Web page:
Fahrenheit 451 is the temperature at which book paper burns. Fahrenheit 451 is a novel set in the (perhaps near) future when "firemen" burn books forbidden by a totalitarian "brave new world" regime. The hero, according to Mr. Bradbury, is "a book burner who suddenly discovers that books are flesh-and-blood ideas and cry out silently when put to the torch." Today, when libraries and schools in this country and all over the world are still "burning" certain books, Fahrenheit 451 remains a brilliantly readable and suspenseful work of even greater impact and timeliness. In 1966, a movie was made starring Oskar Werner and Julie Christie. (catalog summary)

 


The Fireman: A Novel
The Fireman: A Novel
by Joe Hill

The doctors call it Draco Incendia Trychophyton: a highly contagious spore that marks its hosts with beautiful black and gold marks across their bodies before causing them to burst into flames. There is no antidote. Harper Grayson was a nurse who treated hundreds of infected patients; now the telltale gold-flecked marks are on her skin. But Harper wants to live at least until the fetus she is carrying comes to term. Her husband Jakob becomes unhinged and abandons her. And a man in a dirty yellow fire fighter's jacket straddles the abyss between insanity and death. Known as The Fireman, he has learned to control the fire within himself, using it as a shield to protect the hunted—and as a weapon to avenge the wronged. (catalog summary)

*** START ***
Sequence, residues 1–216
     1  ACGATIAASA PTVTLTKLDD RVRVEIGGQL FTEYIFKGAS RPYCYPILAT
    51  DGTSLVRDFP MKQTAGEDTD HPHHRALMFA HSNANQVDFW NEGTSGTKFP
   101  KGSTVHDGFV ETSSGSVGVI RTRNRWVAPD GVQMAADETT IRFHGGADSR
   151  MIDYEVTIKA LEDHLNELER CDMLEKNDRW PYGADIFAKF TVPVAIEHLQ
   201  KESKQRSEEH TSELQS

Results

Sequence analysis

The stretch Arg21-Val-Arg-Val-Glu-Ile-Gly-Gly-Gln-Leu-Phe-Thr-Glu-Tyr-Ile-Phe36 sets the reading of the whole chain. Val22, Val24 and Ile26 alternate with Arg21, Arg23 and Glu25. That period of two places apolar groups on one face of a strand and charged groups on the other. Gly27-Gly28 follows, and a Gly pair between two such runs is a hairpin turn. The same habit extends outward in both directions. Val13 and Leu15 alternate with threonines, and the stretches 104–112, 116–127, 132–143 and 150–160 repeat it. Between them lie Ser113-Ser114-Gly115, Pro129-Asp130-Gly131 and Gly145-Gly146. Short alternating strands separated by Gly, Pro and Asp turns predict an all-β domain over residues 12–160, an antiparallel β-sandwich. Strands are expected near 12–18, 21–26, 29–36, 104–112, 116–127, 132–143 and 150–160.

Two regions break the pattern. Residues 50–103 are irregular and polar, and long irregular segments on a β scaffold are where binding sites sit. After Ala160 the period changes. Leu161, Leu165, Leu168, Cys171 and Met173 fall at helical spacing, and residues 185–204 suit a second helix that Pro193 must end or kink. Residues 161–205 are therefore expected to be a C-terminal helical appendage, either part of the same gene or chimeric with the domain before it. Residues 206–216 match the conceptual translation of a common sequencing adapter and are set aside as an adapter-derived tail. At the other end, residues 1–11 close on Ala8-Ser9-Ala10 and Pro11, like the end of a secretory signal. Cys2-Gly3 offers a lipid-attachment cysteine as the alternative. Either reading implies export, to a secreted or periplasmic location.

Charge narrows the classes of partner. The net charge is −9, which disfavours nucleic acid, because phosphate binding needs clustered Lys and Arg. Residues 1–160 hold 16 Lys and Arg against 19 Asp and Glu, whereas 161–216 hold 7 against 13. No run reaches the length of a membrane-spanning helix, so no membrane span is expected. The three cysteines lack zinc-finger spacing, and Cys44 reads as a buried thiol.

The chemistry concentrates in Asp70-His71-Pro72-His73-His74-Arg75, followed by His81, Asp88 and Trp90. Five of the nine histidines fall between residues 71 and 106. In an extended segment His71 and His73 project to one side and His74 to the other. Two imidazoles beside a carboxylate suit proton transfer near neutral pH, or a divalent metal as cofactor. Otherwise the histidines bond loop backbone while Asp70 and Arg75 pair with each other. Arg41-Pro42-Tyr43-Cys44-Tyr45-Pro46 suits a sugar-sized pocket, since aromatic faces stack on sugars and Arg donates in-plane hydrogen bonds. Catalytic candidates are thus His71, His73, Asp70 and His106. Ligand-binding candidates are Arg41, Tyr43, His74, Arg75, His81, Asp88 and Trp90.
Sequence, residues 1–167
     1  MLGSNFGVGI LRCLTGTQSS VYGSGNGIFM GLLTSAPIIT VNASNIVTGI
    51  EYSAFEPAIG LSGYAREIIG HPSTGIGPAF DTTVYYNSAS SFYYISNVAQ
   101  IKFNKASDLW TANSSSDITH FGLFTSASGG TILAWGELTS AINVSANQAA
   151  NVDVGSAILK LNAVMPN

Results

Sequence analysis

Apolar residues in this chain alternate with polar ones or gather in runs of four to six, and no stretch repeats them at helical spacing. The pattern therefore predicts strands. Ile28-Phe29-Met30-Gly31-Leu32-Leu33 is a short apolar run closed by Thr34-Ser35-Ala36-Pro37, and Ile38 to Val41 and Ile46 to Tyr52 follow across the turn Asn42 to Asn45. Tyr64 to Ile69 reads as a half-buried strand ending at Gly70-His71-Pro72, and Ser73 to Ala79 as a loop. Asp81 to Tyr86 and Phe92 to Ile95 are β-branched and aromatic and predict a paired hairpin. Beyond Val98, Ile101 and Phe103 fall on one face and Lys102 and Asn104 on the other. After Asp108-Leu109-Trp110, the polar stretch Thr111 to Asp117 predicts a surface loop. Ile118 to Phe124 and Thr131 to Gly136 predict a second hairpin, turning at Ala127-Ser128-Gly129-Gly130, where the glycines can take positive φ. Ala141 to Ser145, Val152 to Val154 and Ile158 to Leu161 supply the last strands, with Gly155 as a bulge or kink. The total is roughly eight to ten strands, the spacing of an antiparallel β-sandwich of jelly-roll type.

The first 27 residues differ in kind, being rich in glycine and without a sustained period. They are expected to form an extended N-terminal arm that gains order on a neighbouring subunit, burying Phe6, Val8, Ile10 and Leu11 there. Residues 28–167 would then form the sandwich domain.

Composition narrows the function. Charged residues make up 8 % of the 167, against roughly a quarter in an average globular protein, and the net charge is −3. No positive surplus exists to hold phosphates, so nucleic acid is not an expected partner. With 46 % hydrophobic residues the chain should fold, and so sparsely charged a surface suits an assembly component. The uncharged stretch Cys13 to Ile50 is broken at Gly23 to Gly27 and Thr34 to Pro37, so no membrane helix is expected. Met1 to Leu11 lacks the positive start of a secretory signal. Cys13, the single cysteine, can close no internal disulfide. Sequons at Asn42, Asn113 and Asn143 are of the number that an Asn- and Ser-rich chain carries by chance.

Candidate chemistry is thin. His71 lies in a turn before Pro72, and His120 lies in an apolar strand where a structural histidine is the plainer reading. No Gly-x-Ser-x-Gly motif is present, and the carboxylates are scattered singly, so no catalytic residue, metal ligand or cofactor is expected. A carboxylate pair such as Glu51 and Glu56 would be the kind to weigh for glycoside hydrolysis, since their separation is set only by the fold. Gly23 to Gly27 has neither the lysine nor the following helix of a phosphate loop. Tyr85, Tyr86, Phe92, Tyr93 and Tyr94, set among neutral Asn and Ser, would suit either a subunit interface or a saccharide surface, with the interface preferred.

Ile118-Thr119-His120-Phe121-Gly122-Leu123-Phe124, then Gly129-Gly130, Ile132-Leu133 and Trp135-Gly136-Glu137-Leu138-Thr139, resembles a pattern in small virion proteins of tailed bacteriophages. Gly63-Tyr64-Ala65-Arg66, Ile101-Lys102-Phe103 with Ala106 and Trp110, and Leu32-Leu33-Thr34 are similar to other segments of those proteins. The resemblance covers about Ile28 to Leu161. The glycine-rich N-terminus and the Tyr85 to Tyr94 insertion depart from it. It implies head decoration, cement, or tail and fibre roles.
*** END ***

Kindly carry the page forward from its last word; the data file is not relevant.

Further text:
The Dispossessed
The Dispossessed
by Ursula K. Le Guin
A bleak moon settled by utopian anarchists, Anarres has long been isolated from other worlds, including its mother planet, Urras—a civilization of warring nations, great poverty, and immense wealth. Now Shevek, a brilliant physicist, is determined to reunite the two planets, which have been divided by centuries of distrust. He will seek answers, question the unquestionable, and attempt to tear down the walls of hatred that have kept them apart. To visit Urras—to learn, to teach, to share—will require great sacrifice and risks, which Shevek willingly accepts. But the ambitious scientist's gift is soon seen as a threat, and in the profound conflict that ensues, he must reexamine his beliefs even as he ignites the fires of change. (catalog summary)